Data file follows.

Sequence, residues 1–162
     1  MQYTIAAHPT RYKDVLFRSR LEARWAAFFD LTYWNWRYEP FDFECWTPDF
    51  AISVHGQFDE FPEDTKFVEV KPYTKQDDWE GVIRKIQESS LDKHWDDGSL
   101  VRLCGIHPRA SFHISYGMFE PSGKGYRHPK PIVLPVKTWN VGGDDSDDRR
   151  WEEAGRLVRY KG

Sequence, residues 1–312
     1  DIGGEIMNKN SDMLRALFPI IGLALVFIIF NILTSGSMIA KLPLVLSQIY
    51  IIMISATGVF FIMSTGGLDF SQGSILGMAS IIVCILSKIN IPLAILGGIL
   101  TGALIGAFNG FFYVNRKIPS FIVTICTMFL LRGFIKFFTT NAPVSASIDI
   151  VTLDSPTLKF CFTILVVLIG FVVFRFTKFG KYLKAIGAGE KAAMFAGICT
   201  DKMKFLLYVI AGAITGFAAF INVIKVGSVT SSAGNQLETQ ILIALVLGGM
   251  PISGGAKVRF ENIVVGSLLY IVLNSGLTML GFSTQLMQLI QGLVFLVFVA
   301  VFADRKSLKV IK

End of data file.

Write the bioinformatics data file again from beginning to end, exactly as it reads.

Sequence, residues 1–162
     1  MQYTIAAHPT RYKDVLFRSR LEARWAAFFD LTYWNWRYEP FDFECWTPDF
    51  AISVHGQFDE FPEDTKFVEV KPYTKQDDWE GVIRKIQESS LDKHWDDGSL
   101  VRLCGIHPRA SFHISYGMFE PSGKGYRHPK PIVLPVKTWN VGGDDSDDRR
   151  WEEAGRLVRY KG

Sequence, residues 1–312
     1  DIGGEIMNKN SDMLRALFPI IGLALVFIIF NILTSGSMIA KLPLVLSQIY
    51  IIMISATGVF FIMSTGGLDF SQGSILGMAS IIVCILSKIN IPLAILGGIL
   101  TGALIGAFNG FFYVNRKIPS FIVTICTMFL LRGFIKFFTT NAPVSASIDI
   151  VTLDSPTLKF CFTILVVLIG FVVFRFTKFG KYLKAIGAGE KAAMFAGICT
   201  DKMKFLLYVI AGAITGFAAF INVIKVGSVT SSAGNQLETQ ILIALVLGGM
   251  PISGGAKVRF ENIVVGSLLY IVLNSGLTML GFSTQLMQLI QGLVFLVFVA
   301  VFADRKSLKV IK